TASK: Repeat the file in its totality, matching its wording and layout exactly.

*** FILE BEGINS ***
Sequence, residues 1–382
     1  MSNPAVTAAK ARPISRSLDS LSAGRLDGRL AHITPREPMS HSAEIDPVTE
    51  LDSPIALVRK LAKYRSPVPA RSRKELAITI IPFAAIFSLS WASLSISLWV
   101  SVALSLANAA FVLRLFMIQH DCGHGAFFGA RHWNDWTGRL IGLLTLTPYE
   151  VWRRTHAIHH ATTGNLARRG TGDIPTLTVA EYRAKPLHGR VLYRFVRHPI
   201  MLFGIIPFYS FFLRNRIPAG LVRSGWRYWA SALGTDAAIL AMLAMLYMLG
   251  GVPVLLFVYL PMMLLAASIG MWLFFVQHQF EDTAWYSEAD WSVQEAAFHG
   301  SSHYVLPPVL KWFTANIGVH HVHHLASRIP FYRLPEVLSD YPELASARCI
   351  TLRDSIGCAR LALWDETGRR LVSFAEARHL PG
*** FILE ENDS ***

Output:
Sequence, residues 1–382
     1  MSNPAVTAAK ARPISRSLDS LSAGRLDGRL AHITPREPMS HSAEIDPVTE
    51  LDSPIALVRK LAKYRSPVPA RSRKELAITI IPFAAIFSLS WASLSISLWV
   101  SVALSLANAA FVLRLFMIQH DCGHGAFFGA RHWNDWTGRL IGLLTLTPYE
   151  VWRRTHAIHH ATTGNLARRG TGDIPTLTVA EYRAKPLHGR VLYRFVRHPI
   201  MLFGIIPFYS FFLRNRIPAG LVRSGWRYWA SALGTDAAIL AMLAMLYMLG
   251  GVPVLLFVYL PMMLLAASIG MWLFFVQHQF EDTAWYSEAD WSVQEAAFHG
   301  SSHYVLPPVL KWFTANIGVH HVHHLASRIP FYRLPEVLSD YPELASARCI
   351  TLRDSIGCAR LALWDETGRR LVSFAEARHL PG